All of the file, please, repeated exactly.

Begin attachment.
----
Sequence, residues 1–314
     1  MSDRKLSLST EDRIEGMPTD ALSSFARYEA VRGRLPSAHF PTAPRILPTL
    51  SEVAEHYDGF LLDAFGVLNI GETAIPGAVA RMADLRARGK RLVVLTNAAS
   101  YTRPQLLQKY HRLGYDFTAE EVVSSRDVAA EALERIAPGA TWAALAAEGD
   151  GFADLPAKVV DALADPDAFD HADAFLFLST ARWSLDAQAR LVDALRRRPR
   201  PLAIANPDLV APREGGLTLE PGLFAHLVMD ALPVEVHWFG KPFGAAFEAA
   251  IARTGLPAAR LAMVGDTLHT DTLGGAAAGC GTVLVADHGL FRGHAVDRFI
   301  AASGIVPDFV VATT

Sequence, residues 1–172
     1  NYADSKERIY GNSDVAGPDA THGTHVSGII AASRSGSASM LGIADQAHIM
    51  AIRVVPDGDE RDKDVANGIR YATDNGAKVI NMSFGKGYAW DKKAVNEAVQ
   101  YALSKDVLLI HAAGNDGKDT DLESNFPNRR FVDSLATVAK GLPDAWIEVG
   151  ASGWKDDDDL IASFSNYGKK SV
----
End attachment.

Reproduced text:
Sequence, residues 1–314
     1  MSDRKLSLST EDRIEGMPTD ALSSFARYEA VRGRLPSAHF PTAPRILPTL
    51  SEVAEHYDGF LLDAFGVLNI GETAIPGAVA RMADLRARGK RLVVLTNAAS
   101  YTRPQLLQKY HRLGYDFTAE EVVSSRDVAA EALERIAPGA TWAALAAEGD
   151  GFADLPAKVV DALADPDAFD HADAFLFLST ARWSLDAQAR LVDALRRRPR
   201  PLAIANPDLV APREGGLTLE PGLFAHLVMD ALPVEVHWFG KPFGAAFEAA
   251  IARTGLPAAR LAMVGDTLHT DTLGGAAAGC GTVLVADHGL FRGHAVDRFI
   301  AASGIVPDFV VATT

Sequence, residues 1–172
     1  NYADSKERIY GNSDVAGPDA THGTHVSGII AASRSGSASM LGIADQAHIM
    51  AIRVVPDGDE RDKDVANGIR YATDNGAKVI NMSFGKGYAW DKKAVNEAVQ
   101  YALSKDVLLI HAAGNDGKDT DLESNFPNRR FVDSLATVAK GLPDAWIEVG
   151  ASGWKDDDDL IASFSNYGKK SV